Album: Converging Sins
Record label: Vendetta Records/Tartarus Records
Release Date: 1st December 2016
1. The Night Took Her Right Before My Eyes
2. Mirrors In A Black Room
3. Athame | Bane Emanations
4. You Will Learn About Loss
5. Fear Lights The Path (Close To Our Hearts)
The darkness at the heart of black metal is not a single-faced entity. The atmospheres of opposition and other-worldliness that the best examples of the genre conjure are not uniform in their nature. The second album from Ultha is proof of that. The core sound of the band invites comparisons from USBM acts Weakling and Ash Borer (even though Ultha themselves hail from Germany), but there’s more to Ultha’s latest than imitating what has gone before. As well as handling the basics of the style in a manner that gives Converging Sins a distinctive character too often lacking in the genre, Ultha also take this strand of black metal in unexpected, effective directions, which highlights Converging Sins as an album that may point towards a new evolutionary offshoot in modern black metal. As all this might imply, it is a mighty album, possessed of a dark, haunting spectre that will linger long after the record has finished playing.
The strengths of Converging Sins might not be readily apparent. Opener ‘The Night Took Her Right Before My Eyes’ opens with a spacious, atmospheric movement that brings to mind Fen‘s The Malediction Fields, and suggests a far gentler journey than the one that follows. It’s several minutes before the track lurches in to the all-encompassing maelstrom that is the foundation of Converging Sins, and there is little let-up from there. The immense duration of the track – just shy of 18 minutes – races by as Ultha unleash a storm of dizzying yet melodic riffs, relentless drumming, and vocals that veer between commanding bellows and soul-searing shrieks. Yet as intense as it all is, there is a certain grace to the music, an almost effortless sense of movement and animalistic spirit. The duality of black metal is on display throughout, the mixture of melody and aggression handled with rare skill.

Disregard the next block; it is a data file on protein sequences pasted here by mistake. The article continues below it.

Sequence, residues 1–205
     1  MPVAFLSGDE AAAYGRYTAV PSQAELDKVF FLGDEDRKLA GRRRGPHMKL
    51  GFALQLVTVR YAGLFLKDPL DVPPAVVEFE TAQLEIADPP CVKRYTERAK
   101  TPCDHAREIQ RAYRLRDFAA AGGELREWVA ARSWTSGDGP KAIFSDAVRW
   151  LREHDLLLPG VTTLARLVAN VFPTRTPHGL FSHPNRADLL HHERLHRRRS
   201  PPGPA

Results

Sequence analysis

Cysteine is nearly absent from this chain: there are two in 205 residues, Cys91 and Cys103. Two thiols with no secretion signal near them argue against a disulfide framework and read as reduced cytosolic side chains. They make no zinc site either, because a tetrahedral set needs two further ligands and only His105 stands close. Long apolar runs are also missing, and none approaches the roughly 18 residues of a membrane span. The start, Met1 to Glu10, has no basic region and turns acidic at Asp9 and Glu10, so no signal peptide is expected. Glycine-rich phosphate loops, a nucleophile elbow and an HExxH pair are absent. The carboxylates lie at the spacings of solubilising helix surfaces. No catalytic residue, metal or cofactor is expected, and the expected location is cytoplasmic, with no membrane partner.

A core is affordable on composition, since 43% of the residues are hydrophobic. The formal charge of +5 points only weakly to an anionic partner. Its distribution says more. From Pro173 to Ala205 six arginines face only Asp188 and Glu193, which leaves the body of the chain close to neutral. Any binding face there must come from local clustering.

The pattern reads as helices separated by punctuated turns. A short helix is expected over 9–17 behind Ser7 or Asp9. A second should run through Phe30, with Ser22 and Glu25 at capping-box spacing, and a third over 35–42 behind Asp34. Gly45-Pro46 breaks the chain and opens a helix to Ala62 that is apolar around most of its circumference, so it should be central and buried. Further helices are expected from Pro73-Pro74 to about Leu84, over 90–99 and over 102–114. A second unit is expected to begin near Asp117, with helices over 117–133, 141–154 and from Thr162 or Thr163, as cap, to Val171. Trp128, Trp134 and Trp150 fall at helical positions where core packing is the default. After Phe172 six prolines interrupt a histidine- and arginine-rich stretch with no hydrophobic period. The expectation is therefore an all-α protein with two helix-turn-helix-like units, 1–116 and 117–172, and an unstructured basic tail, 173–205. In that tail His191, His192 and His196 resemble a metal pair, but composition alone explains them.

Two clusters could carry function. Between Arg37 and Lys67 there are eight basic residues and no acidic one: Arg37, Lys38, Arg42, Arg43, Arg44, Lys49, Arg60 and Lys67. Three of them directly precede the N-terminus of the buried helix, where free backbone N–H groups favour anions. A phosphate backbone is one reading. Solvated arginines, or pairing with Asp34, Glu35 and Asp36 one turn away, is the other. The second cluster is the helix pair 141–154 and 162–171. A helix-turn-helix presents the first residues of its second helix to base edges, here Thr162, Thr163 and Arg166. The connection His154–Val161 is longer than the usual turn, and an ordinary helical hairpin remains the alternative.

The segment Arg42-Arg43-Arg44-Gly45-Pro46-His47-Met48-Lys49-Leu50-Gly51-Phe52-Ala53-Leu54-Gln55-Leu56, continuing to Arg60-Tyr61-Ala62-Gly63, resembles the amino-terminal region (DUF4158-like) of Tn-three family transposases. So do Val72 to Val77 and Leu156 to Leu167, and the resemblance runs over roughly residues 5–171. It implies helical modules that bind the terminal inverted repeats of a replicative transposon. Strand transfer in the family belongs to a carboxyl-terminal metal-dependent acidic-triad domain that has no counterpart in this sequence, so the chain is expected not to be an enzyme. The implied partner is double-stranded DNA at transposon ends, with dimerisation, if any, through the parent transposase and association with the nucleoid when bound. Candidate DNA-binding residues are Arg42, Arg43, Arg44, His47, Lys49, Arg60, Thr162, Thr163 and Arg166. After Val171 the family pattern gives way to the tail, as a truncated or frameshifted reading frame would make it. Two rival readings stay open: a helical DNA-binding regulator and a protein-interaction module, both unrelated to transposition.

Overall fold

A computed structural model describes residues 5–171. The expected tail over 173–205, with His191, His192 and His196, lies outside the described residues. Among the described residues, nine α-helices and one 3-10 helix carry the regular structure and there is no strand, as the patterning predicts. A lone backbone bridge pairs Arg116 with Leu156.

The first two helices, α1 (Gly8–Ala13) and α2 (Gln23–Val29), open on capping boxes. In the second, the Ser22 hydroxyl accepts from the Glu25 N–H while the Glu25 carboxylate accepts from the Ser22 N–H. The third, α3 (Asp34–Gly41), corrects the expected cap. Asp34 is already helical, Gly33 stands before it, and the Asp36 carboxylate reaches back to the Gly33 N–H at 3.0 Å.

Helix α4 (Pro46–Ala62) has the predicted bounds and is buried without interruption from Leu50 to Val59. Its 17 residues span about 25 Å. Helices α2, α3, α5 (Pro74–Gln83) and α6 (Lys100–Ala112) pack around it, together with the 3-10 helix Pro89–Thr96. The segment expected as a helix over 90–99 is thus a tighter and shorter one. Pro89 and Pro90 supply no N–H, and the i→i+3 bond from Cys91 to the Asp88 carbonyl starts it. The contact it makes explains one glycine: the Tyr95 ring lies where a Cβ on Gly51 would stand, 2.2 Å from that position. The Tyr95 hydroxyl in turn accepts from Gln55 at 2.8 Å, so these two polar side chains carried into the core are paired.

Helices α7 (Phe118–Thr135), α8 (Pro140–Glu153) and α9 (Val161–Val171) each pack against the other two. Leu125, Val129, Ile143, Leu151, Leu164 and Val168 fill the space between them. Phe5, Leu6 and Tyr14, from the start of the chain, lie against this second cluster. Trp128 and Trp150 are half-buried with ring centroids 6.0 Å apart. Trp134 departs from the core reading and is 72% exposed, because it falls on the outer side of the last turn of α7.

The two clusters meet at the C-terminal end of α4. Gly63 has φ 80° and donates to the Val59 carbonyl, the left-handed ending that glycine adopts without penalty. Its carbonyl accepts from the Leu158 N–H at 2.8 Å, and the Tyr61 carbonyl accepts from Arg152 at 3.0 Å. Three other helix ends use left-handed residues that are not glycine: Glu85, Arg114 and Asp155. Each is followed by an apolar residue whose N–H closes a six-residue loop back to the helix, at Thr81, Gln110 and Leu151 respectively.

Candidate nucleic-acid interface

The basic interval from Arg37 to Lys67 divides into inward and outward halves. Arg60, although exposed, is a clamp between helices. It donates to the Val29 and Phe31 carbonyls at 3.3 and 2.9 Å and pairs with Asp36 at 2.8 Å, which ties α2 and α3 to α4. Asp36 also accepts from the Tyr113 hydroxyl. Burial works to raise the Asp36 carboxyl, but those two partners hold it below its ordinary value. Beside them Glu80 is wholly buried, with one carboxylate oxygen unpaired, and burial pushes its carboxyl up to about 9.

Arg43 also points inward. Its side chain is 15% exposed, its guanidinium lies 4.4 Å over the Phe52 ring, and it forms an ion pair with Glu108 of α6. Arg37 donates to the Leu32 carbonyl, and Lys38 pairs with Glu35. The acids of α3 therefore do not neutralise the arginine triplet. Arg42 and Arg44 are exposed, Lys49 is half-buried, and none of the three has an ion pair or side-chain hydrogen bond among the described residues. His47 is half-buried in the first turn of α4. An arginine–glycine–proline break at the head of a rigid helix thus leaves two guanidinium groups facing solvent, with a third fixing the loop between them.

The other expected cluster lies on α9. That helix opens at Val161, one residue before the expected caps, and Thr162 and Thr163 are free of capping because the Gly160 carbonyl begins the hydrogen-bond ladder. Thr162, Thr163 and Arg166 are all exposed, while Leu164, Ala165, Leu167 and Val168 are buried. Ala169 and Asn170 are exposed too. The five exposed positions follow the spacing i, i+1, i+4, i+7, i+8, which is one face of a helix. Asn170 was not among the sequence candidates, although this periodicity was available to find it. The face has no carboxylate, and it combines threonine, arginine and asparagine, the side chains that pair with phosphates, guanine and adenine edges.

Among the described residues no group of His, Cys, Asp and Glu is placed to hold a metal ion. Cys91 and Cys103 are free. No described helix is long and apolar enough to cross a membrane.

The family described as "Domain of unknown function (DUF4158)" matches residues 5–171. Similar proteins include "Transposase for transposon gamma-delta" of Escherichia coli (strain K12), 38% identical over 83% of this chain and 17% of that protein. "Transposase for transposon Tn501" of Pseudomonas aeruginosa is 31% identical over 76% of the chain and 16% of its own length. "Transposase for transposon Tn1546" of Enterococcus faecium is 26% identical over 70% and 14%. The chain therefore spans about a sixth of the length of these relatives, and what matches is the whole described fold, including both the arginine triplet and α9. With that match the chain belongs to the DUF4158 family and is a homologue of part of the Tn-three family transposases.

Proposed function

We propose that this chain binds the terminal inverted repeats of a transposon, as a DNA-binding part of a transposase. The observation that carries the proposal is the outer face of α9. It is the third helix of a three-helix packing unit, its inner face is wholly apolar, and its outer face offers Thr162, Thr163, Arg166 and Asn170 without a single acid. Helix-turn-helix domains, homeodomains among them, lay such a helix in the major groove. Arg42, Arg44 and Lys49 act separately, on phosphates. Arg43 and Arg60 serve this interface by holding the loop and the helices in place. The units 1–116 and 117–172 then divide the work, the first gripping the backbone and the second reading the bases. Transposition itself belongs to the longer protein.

It’s with second track, ‘Mirrors In A Black Room’, that things differ from the norm in more considerable ways. Featuring and co-written by Rachel Davies of post-punk band Esben and the Witch, the song opens in spacious, darkly ominous fashion, with the malicious atmosphere gradually building. The sparse nature of the first half of the track stands in stark contrast to the preceding song, yet when it begins to morph into more standard USBM territories, it’s a shift and contrast that makes total sense, uniting the dark hearts of post-punk and black metal. It’s genuinely hair-raising and explosively cathartic as the song builds to its climax, with Rachel’s clean vocals soaring above the shrieks, guitars, keys, and drums behind her.
The only real disappointment of Converging Sins is that this experiment is a one-off, as the rest of the album reverts to the core post-Weakling sound; yet, given Ultha’s mastery of this style, that is scarcely a complaint at all. Following track ‘Athame | Bane Emanations’ ventures into more doom-laden territories – both in tempo, weight, and atmosphere – following its dark ambient introduction, and it possesses an emotional impact far greater than its status as the short track on the album would suggest (though it’s still five minutes long). ‘You Will Learn About Loss’ is a gargantuan monument of emptiness, delivering upon the dark promise of its title with over fourteen minutes of pummelling black metal that does not let up; it is a masterclass in dynamics without any loss of intensity. The same is true of closer ‘Fear Lights The Path (Close To Our Hearts)’, yet this song also conveys a sense of closure and finality; not just the song which ends the album, but the end of something far more substantial. It is dark, it is majestic, it is absolutely glorious.
There’s a danger Converging Sins may be overlooked simply because of its release date; December is a month for writing end of year lists, where most websites will look back, not forwards. It would be a genuine tragedy if that fate were to befall Ultha. This is an absolute triumph of underground black metal, hinting at new directions that this particular style might move in whilst demonstrating utter mastery of the core aspects. I would hesitate before calling any release mandatory, but this comes close. Anyone at all interested in the evolution of black metal, or who feels that the genre is drowning in a sea of mediocrity, or who simply wants to hear a jaw-droppingly phenomenal album, owes it to themselves to listen to Converging Sins.